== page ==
10:45 am, Towne 337

Abstract:

Hydrogenated amorphous carbon (a-C:H) films are amorphous materials made of hydrogen and carbon bonded in both sp2 and sp3 configurations. These films are notable for their high hardness (10-16 GPa, compared to 1-1.5 GPa for steel), ease of application to a wide range of substrates, and good tribological performance (low friction and wear). However, they suffer from significant limitations. First, a-C:H becomes unstable above 150°C, preventing its use in important technological applications, such as heat assisted magnetic recording (HAMR) disk drives. Second, the low friction and wear is only maintained in dry and vacuum conditions. This prevents their use as protective coatings in applications where the humidity may vary such as use in aerospace components which need to function in and outside the atmosphere.

To understand and potentially address these limitations, we consider the effect of adding silicon and oxygen to a-C:H films, since prior experimental evidence shows that this can significantly increases thermal stability, and help maintain low friction and wear when sliding in humid environments. However, the mechanisms for these improvements are unknown.

Reactive molecular dynamics (MD) simulations using the ReaxFF potential were performed on undoped a-C:H and a-C:H doped with Si and O (a-C:H:Si:O) to explore the effect on thermal stability. Atomistic thermal degradation pathways were examined to understand the origins of the enhanced thermal stability endowed by SiOx-doping. As in experiments, the simulated a-C:H:Si:O demonstrated increased thermal stability compared to conventional a-C:H. The primary thermal degradation pathway in undoped a-C:H was observed to be the breaking of tensile strained C-C bonds resulting in a transformation of sp3 to sp2-hybridized carbon. The presence of Si suppresses this mechanism by decreasing the frequency of highly strained C-C bonds in the unannealed structure. This is due to the longer C-Si equilibrium bond length compared to C-C bonds, which allows the Si-doped films to accommodate higher structural disorder.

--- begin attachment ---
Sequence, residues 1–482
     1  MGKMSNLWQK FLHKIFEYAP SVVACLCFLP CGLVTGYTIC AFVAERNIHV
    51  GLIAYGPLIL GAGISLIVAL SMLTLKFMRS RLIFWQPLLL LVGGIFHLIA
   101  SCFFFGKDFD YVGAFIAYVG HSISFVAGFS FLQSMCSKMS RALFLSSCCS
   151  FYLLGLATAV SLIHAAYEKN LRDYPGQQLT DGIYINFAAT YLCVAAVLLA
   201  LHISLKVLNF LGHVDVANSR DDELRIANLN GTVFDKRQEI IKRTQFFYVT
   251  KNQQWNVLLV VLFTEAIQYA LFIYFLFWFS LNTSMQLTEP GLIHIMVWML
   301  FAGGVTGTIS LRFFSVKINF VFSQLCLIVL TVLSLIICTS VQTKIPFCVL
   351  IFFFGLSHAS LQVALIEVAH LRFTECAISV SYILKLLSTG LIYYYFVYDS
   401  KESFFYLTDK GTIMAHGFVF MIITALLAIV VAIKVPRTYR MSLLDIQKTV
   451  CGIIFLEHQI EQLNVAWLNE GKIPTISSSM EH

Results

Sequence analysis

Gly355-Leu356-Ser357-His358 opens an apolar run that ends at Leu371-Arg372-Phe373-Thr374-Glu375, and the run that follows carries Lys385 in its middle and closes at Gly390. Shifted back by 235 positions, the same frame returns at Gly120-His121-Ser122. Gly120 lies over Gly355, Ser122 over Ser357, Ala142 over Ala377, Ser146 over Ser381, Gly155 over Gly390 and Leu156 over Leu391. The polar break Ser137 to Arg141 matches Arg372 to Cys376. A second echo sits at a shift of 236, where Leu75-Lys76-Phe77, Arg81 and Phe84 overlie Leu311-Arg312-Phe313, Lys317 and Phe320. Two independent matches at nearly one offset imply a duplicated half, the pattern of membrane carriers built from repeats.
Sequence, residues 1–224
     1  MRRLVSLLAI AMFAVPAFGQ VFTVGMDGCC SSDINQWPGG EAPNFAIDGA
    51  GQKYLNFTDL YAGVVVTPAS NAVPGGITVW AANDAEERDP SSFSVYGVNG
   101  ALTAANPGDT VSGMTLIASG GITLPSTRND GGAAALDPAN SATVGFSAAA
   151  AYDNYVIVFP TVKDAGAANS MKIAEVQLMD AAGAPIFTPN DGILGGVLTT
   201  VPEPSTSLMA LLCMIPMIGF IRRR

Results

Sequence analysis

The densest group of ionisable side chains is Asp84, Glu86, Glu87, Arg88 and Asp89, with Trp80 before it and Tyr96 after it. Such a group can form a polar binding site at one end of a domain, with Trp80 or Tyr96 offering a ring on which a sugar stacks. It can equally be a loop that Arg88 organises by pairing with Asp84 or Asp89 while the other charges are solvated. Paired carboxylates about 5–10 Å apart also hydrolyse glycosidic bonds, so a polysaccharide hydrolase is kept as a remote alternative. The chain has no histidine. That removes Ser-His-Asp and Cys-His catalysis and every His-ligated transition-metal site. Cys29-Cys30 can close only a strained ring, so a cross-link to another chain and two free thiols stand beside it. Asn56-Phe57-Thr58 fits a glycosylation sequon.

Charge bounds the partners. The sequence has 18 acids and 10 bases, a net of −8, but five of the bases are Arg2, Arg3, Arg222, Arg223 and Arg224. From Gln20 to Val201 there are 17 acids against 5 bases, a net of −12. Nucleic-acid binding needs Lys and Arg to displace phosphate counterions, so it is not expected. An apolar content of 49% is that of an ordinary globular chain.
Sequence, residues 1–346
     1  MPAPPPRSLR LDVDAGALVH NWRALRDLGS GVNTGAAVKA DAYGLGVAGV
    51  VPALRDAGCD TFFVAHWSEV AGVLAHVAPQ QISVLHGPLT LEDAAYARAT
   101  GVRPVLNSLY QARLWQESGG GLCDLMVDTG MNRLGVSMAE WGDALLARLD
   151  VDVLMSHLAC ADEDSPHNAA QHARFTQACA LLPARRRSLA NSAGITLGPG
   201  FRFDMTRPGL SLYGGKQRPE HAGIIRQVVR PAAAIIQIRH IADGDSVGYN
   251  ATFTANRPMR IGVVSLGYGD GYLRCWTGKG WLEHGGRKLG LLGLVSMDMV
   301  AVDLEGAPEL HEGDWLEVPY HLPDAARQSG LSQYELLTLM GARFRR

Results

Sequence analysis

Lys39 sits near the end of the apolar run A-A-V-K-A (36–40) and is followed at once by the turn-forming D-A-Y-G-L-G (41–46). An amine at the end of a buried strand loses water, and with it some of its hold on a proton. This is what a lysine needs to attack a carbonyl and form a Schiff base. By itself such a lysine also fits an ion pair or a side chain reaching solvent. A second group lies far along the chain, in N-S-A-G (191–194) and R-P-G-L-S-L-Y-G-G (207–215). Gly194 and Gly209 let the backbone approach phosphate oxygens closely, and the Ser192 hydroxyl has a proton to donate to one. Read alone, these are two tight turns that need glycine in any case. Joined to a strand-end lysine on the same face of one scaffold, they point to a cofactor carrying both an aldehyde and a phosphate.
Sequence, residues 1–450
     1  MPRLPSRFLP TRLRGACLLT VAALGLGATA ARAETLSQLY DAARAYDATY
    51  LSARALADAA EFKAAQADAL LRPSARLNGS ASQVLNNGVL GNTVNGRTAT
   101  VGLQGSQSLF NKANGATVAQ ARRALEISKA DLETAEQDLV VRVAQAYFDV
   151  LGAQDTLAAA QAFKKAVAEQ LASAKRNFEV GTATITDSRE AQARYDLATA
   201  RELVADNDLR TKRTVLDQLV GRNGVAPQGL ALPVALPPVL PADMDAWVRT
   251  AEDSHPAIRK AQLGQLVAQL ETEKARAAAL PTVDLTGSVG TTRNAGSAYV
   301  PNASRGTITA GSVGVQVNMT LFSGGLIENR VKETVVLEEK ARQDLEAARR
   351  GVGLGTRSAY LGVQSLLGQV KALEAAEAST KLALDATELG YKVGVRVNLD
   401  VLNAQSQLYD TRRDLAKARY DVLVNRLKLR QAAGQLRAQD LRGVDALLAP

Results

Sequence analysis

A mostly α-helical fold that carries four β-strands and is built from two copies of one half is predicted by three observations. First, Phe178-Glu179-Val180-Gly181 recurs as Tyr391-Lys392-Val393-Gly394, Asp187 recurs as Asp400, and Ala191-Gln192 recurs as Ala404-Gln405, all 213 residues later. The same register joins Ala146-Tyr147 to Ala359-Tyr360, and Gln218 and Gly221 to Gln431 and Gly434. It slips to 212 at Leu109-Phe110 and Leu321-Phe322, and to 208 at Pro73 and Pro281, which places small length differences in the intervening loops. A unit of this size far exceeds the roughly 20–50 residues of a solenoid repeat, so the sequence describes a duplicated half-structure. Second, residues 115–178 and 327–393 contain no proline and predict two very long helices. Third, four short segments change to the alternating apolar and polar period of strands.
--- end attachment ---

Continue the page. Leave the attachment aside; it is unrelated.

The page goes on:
To explore the improvement in the tribological properties, we measured coefficients of friction varying from approximately 0.05 in dry environments (RH < 5%) to 0.15 in humid air when sliding against steel, significantly better than prior observations for undoped a-C:H films. The wear rate is also environmentally-dependent and typically correlated with friction. The friction and wear behavior is controlled by the formation of adhesive junctions between the a-C:H:Si:O films and the steel balls. Possible mechanisms underlying this behavior will be discussed.


June 27

PhD Seminar
Chenchen Liu, PhD Candidate, University of Pennsylvania
Advisor: Celia Reina

"Multiscale Modeling and Design of Acoustic Metamaterials"

10:45 am, Towne 337

Abstract:

Elastic composite/metamaterials have exhibited a rapid increase of interest due to their surprising dynamic properties, such as sub-wavelength band gaps, negative effective elastic constant and/or density and frequency-dependent elastic anisotropies. The design and optimization of these novel materials architectures call for an enhanced understanding of the microstructure-properties relations when micro-inertia effects may start to play a macroscopically observable role.